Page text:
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Comment & Response
September 25, 2019

Ignoring Data Delays Our Reaction to Emerging Public Health Tragedies Like 13 Reasons Why—Reply

Author Affiliations
  • 1Medical University of Vienna, Center for Public Health, Department of Social and Preventive Medicine, Unit Suicide Research & Mental Health Promotion, Vienna, Austria
  • 2Department of Psychiatry, Sunnybrook Health Sciences Centre, Toronto, Ontario, Canada
  • 3Department of Psychiatry, University of Toronto, Toronto, Ontario, Canada
JAMA Psychiatry. 2020;77(1):103. doi:10.1001/jamapsychiatry.2019.2758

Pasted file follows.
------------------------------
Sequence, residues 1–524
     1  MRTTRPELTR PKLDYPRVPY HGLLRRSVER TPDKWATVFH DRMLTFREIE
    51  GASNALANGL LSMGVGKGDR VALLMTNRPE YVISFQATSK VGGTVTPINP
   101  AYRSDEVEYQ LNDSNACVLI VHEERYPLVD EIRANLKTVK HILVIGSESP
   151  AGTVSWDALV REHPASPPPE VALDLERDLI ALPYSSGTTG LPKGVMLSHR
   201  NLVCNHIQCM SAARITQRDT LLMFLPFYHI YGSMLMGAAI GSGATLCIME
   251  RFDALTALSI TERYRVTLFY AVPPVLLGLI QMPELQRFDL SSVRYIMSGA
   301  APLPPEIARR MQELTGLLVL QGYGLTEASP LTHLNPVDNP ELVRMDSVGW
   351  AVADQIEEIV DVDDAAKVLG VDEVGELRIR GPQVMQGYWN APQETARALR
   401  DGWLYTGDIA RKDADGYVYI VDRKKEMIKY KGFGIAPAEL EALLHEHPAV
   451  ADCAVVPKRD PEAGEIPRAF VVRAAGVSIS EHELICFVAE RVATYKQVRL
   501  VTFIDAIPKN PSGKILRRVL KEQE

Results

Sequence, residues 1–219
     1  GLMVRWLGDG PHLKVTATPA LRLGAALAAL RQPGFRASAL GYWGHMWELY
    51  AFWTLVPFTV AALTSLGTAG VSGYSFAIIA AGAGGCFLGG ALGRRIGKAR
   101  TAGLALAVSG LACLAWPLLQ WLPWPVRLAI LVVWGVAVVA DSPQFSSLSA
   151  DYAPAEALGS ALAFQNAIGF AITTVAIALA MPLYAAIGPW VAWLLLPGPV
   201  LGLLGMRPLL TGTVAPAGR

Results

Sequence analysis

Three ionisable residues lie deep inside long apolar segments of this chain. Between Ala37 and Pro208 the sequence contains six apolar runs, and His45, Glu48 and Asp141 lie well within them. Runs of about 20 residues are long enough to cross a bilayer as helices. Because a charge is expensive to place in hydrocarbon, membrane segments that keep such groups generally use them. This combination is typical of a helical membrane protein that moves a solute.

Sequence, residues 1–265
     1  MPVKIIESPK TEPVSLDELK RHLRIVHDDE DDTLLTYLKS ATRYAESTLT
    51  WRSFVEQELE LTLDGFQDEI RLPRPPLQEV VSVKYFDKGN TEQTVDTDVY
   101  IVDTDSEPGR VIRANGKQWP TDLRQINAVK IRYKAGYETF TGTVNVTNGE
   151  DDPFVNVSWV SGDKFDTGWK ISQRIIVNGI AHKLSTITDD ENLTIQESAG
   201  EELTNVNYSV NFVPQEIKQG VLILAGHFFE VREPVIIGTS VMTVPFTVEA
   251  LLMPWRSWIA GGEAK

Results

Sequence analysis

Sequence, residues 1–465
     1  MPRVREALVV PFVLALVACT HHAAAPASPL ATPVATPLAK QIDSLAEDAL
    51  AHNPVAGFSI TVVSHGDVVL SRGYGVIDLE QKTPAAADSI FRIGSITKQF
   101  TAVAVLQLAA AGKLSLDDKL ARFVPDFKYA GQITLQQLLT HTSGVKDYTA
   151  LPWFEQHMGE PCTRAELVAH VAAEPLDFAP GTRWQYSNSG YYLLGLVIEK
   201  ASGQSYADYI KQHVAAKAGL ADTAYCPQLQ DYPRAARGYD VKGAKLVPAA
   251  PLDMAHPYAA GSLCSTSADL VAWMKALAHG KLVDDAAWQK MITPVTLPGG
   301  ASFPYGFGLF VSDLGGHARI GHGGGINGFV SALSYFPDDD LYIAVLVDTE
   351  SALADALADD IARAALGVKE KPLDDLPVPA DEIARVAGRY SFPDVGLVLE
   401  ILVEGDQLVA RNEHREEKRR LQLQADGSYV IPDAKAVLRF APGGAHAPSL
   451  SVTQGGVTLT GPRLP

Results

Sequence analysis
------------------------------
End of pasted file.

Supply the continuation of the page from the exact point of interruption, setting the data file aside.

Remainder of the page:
In Reply In their Letter, Leas et al, who, to our knowledge, published the first study on possible effects of 13 Reasons Why on suicide-related internet search behavior,1 point out the necessity to use new methodological approaches to improve public health surveillance and responses to emerging public health threats such as 13 Reasons Why. We wholeheartedly agree with the scientific points made in their Letter, although we are a bit puzzled that our reference to their work, including highlighting it in our discussion, however briefly, was viewed as a dismissal of their contribution to evidence on the impact of 13 Reasons Why.

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